Megumi Ijiri Haskin describes herself as a “powerhouse.” Indeed, indefatigable energy has defined every facet of her adventurous life journey. From her childhood in Yokohama onward, Ijiri Haskin longed to leave Japan to travel and live abroad.
“I used to tell myself that I didn’t really belong there and that my true parents lived somewhere abroad,” she says during an interview at the offices of GoGetterz, her Tokyo-based startup, an e-learning site.
Ijiri Haskin has a frenetic schedule: Every month she works in Tokyo for about two weeks, but the rest of the time she works from her home in Medina in Washington, near Seattle.
“I wasn’t like anyone in my family. I stuck out among my friends. I was just … different,” she says. Ijiri Haskin had a reason for imagining her biological parents were from somewhere else. At 6 years old, she towered over her classmates at 130 centimeters tall and 30 kilograms. Even the adults around her kept commenting, “Ōkiine!” (“You’re big!”).”
At junior high school age, she walked into a public restroom and sent the place into a flurry of mild panic — with her short hair and tall frame, the women mistook her for a boy.
“I was always the one sticking out from the crowd,” she says. “And when a kid sticks out in Japan, it can feel pretty awful.”
Now, tall girls in Japan are admired and lauded as “kokusaijin” (global or international person). But back in the 1970s, when Ijiri Haskin was growing up, she says, “the standards of beauty were different.”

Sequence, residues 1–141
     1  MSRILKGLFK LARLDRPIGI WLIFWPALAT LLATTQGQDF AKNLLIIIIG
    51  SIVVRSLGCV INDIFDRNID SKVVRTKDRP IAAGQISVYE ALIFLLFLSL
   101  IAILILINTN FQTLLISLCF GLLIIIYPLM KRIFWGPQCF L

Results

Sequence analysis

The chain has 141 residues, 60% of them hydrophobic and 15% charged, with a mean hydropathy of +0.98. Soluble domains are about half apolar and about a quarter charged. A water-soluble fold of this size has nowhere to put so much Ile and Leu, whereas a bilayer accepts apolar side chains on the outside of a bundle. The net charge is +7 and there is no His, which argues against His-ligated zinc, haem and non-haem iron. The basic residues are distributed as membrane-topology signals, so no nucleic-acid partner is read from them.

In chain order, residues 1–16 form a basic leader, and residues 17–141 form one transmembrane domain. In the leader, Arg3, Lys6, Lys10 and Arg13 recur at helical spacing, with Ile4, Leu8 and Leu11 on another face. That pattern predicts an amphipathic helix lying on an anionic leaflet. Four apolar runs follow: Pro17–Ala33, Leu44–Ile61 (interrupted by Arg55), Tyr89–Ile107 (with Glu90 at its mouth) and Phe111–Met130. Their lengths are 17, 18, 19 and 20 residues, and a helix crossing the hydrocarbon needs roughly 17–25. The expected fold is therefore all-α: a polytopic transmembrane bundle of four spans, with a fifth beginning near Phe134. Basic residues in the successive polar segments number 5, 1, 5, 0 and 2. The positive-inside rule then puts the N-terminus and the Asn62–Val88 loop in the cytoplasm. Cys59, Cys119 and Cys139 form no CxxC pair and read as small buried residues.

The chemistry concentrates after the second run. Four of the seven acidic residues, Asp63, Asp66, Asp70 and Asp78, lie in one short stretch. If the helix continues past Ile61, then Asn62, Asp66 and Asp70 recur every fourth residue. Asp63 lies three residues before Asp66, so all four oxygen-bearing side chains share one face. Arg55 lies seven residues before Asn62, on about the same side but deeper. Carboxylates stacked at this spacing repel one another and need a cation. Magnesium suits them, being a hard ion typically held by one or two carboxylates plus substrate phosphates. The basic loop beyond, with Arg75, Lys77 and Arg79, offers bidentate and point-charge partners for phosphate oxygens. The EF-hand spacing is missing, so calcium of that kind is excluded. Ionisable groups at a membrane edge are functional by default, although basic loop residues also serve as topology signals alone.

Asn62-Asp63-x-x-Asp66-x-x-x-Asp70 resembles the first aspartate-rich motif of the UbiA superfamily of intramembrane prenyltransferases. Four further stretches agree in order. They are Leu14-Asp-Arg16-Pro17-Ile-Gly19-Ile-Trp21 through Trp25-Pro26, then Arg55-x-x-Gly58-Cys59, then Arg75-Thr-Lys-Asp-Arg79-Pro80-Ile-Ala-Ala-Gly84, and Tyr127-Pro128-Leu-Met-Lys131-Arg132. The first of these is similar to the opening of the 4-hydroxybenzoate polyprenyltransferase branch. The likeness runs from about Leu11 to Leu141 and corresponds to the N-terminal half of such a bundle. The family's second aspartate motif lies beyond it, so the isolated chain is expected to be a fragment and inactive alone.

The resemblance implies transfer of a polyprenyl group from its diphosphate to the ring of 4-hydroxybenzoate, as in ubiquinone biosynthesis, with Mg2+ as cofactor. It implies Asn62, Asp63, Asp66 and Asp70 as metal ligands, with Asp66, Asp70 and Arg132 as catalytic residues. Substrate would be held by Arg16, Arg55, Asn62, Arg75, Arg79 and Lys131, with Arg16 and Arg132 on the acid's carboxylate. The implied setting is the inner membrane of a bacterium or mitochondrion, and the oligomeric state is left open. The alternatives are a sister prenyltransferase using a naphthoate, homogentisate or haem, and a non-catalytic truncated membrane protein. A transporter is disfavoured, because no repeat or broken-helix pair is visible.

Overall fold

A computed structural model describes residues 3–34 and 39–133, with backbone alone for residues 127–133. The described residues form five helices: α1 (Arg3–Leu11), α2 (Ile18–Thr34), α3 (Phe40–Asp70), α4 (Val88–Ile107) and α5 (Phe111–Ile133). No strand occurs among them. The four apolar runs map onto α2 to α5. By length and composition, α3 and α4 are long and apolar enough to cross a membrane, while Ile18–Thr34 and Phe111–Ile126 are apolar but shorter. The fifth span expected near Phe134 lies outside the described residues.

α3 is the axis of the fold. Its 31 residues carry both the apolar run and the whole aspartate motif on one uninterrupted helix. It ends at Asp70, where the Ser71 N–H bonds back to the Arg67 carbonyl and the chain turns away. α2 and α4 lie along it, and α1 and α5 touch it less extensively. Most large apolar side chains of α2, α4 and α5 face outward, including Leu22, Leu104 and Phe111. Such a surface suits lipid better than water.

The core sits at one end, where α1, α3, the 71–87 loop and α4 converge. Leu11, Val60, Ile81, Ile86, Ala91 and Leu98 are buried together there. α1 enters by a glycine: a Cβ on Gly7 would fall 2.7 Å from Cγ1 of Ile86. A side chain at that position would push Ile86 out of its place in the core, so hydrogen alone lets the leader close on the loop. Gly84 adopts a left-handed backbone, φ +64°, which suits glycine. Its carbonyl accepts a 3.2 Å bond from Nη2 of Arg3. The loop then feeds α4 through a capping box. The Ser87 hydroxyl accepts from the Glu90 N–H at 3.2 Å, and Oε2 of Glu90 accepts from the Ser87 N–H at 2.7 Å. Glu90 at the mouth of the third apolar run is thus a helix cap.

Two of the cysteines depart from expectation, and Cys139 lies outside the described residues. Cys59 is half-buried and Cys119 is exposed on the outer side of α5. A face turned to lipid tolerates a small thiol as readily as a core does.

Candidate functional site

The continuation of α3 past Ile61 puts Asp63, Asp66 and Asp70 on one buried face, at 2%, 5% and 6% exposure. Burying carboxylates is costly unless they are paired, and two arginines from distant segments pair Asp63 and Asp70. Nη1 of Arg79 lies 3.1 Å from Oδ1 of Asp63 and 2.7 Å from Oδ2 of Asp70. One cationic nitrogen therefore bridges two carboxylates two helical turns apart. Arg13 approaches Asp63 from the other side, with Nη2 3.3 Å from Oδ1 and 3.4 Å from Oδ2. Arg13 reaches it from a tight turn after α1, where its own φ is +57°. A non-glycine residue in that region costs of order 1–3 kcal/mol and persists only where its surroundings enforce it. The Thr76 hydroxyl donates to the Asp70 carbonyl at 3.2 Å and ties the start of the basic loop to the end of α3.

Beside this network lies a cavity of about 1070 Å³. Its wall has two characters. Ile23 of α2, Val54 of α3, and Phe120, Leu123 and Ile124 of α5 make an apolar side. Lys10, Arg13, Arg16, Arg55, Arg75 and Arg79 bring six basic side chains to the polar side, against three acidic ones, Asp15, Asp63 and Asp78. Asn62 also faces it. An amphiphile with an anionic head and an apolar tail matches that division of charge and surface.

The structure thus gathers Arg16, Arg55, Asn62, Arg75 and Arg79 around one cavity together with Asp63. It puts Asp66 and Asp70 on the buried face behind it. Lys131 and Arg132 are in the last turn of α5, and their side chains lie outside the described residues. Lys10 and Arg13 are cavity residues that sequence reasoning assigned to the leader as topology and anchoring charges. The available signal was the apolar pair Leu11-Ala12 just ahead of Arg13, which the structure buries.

Not only that, she continues, “There was little regard for personal dignity or privacy for children.” In elementary school, girls and boys were subject to physical examinations that entailed getting your height and weight read out to everyone else, or listed on notices posted on school corridor walls.
“I can’t say I liked the Japanese school system,” she says. “Times have changed, and they aren’t allowed to publicize personal information anymore, so that’s good. But it’s kind of late in the day for me.”
Ijiri Haskin’s life changed in junior high, when she was advised by her mother to attend Furendo Gakuen (Friends School). Friends is famous for being founded by Quakers, and Ijiri Haskin says its liberal education and emphasis on equality “was a totally different environment from a regular Japanese school.”
Friends is also a girls-only school, which she found comforting because the Japanese boys she had met found tall girls like herself intimidating, and a sense of their own inferiority often made them mean.
“At Friends, my life consisted of basketball and English. I was tall (like a Westerner), so both these things made sense to me,” she says. “When I wasn’t running around on the basketball court, I was pushing myself to learn as many English words as possible, to prepare for a life outside Japan.”
Even though Friends banned working while at school, once in high school, Ijiri Haskin found part-time work at a local bakery and starting saving money. To her family’s surprise, she racked up ¥300,000 in her bank account and announced her plan to go to the U.S. as an exchange student.
Her mother, convinced that her daughter was serious, decided to find the rest of the necessary funds, even though at the time the exchange rate was around ¥280 to the dollar.
“Back then, I had a very specific vision of what the U.S. would be like,” says Ijiri Haskin. “I even practiced being hugged, because in Japan no one did that. I had this idea that the U.S. would be full of warm, loving people.”
In 1983, when she was 17 years old, she arrived in New Hampshire as part of an exchange program. Her host family, however, did not hug her.